Linux usage in networking hardware has been on the rise for some time. During the latest Netdev conference held in Montreal this April, people talked seriously about Linux running on high end, "top of rack" (TOR) networking equipment. Those devices have long been the realm of proprietary hardware and software companies like Cisco or Juniper, but Linux seems to be making some significant headway into the domain. According to Shrijeet Mukherjee, VP of Engineering at Cumulus Networks: "we are seeing a 28% adoption rate in the Fortune 50" companies.

As someone who has worked in system administration and networking for over a decade, I was surprised by this: switches have always been black boxes of proprietary hardware that we barely get a shell into. But as more and more TOR hardware gets Linux support, some of that work trickles down outside of that niche. Are we really seeing the rise of Linux in high-end networking hardware?

  1. Linux as the standard interface
  2. The Linux switch implementation
  3. Where is the freedom?

Linux as the standard interface

During his keynote at Netdev, Jesse Brandeburg explained that traffic is exploding on the Internet: "From 2006 to 2016 the compound annual growth rate was 78% of network traffic. So the network traffic is growing like crazy. In 2010 to 2023, it's going to grow by a thousand times."

He also mentioned Intel was working on devices that could do up to 400 Gbps. In his talk, he argued that Linux has a critical place in the modern world by repeating the mantra that "everything is on the network, and the network runs Linux", but does it really? Through Android, Linux has become the most popular end-user device operating system and is also dominant on the server — but what about the actual fabric of the network: the routers and switches that interconnect all those machines?

Mukherjee, in his own keynote, argued that even though Linux has achieved dominance in the server and virtualization markets, there is a "discontinuity [...] at the boundary where the host and the network meet" and argued "that the host without the network will not survive". In other words, proprietary hardware and software in the network threaten free software in the server. Even though some manufacturers are already providing a "Linux interface" in their hardware, it is often only some sort of compatibility shell which might be compared with the Ubuntu compatibility layer in Windows: it's not a real Linux.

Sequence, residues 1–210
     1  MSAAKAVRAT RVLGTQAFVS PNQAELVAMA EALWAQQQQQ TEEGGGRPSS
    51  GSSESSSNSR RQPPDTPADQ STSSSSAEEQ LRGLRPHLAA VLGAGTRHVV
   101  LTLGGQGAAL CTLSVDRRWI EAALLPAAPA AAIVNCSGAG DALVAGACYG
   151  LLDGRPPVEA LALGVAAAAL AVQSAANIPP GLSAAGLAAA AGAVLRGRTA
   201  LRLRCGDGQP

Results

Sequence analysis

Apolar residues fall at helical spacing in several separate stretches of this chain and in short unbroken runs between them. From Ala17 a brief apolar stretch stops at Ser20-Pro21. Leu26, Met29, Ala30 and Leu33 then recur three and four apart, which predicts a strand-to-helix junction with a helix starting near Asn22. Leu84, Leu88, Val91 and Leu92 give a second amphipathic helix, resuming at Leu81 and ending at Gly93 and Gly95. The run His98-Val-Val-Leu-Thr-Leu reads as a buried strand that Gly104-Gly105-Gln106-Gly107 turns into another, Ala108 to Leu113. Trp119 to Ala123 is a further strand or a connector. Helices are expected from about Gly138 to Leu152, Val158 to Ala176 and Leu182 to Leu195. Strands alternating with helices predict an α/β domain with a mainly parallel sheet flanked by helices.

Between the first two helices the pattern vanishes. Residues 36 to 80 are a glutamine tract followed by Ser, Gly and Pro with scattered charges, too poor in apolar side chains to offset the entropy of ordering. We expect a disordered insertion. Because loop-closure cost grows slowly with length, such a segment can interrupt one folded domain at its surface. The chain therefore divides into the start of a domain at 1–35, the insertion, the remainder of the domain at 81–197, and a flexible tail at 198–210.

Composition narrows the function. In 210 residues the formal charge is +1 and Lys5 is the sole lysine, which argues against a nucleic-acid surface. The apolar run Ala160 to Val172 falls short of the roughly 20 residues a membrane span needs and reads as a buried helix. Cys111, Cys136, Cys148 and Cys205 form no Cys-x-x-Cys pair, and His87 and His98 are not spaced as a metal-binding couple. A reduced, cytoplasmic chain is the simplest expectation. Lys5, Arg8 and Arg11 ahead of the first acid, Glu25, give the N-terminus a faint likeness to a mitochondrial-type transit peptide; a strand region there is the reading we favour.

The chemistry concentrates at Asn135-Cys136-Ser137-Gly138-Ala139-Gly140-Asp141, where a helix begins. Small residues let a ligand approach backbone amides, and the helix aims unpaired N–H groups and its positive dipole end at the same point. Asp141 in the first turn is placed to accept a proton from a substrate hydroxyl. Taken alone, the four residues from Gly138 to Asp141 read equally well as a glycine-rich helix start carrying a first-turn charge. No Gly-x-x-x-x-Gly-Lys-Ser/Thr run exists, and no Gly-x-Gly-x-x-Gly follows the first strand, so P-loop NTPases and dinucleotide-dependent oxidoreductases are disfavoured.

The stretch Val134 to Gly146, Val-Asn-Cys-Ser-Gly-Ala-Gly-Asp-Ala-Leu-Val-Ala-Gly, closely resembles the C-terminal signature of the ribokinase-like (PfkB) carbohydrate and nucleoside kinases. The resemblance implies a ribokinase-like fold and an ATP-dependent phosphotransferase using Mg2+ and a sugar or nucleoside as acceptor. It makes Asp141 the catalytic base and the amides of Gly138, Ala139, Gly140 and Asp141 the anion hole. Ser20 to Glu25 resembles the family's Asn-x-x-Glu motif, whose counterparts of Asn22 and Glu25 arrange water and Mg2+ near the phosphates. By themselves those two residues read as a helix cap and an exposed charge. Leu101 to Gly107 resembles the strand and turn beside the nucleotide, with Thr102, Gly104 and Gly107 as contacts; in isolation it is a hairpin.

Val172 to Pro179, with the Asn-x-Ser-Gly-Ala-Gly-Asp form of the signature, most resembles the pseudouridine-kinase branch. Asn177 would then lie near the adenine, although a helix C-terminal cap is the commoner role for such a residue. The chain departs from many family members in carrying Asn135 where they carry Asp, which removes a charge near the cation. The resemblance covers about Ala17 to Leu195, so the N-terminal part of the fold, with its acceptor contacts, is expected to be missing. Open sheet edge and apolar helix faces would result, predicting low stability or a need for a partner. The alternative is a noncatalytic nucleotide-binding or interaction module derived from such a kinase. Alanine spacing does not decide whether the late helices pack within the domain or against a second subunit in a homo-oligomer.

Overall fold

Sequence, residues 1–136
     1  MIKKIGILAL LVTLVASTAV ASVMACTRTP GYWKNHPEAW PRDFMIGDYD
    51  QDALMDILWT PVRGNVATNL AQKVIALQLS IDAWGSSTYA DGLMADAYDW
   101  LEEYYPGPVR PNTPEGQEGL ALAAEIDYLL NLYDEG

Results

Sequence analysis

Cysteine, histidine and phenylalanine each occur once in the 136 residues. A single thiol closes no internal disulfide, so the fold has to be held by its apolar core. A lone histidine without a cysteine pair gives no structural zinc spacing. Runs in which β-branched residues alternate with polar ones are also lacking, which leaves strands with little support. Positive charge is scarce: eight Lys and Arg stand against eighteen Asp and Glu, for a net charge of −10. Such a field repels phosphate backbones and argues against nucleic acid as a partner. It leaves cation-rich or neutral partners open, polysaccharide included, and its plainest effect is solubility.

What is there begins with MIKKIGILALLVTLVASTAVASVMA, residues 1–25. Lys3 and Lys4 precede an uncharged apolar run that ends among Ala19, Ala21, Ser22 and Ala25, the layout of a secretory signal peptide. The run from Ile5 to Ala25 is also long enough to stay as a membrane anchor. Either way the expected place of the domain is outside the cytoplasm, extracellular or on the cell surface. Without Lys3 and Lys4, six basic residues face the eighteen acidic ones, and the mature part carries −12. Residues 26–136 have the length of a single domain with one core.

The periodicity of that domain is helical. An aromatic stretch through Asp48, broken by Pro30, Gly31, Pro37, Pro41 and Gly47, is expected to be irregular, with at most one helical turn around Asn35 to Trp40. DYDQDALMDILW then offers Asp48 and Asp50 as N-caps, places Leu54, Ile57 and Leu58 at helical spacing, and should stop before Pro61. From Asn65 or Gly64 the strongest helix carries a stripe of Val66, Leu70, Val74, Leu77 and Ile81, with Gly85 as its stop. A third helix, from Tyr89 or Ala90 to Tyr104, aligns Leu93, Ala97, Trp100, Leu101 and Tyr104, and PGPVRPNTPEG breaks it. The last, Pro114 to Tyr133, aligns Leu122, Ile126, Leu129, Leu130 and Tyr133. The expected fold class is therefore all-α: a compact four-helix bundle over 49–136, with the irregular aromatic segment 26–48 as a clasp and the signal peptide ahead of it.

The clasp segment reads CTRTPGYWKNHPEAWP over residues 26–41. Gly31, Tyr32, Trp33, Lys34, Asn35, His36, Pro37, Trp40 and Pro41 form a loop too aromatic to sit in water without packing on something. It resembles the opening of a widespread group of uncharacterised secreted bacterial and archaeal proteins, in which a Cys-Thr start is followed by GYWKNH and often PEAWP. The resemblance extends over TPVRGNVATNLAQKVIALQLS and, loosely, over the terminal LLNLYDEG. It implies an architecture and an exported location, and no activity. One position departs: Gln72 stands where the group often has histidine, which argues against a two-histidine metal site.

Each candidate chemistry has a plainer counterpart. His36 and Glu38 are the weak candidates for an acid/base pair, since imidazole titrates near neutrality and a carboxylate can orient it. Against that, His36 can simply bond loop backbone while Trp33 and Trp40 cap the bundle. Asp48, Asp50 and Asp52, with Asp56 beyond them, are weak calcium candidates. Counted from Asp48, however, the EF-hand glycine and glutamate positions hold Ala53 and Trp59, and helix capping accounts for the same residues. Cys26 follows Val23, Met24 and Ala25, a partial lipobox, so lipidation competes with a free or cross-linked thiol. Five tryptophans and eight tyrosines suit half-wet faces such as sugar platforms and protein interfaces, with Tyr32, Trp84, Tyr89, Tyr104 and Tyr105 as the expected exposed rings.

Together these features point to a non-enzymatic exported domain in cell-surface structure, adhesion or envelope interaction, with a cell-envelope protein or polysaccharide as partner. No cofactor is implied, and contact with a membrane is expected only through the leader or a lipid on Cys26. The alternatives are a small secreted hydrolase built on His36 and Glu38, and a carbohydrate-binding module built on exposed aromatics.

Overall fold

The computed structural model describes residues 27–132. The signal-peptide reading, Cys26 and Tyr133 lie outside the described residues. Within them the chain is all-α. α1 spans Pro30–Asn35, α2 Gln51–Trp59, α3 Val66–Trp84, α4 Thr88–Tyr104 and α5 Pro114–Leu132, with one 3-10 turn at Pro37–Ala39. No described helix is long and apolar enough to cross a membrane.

Mukherjee pushed this idea further by saying that those companies are limiting themselves by not using the full Linux stack. He presented Linux as the "top vehicle for innovation" that provides a featureful network stack, citing VXLAN, eBPF, and Quagga as prime features used on switches. Mukherjee also praised the diversity of the user-space Linux ecosystem as something that commercial alternatives can't rival; he compared the faster Linux development to the commercial sector where similar top features stay in the beta stage for up to 3 years.

Because of its dominance in the server market, consumers are expecting a Linux-like interface on their networking gear now, which means Linux could be the standard interface all providers strive toward. As a Debian developer, I can't help but smile at the thought; if there's one thing we have not been able to do among Linux distributions, it's pretty much standardize user space in a consistent interface. POSIX is old and incomplete, the FHS is showing its age, and most distributions have abandoned LSB. Yet, the idea is certainly enticing: there is a base set of tools and applications, especially for the Linux kernel, that are standardized: iproute2, ethtool, and iptables are generally consistent across distributions, even though each distribution has its own way of using them.

Yet Linux is not dominant, why? Mukherjee identified the problem as "packaging issues" and listed a set of features he would like Linux to improve: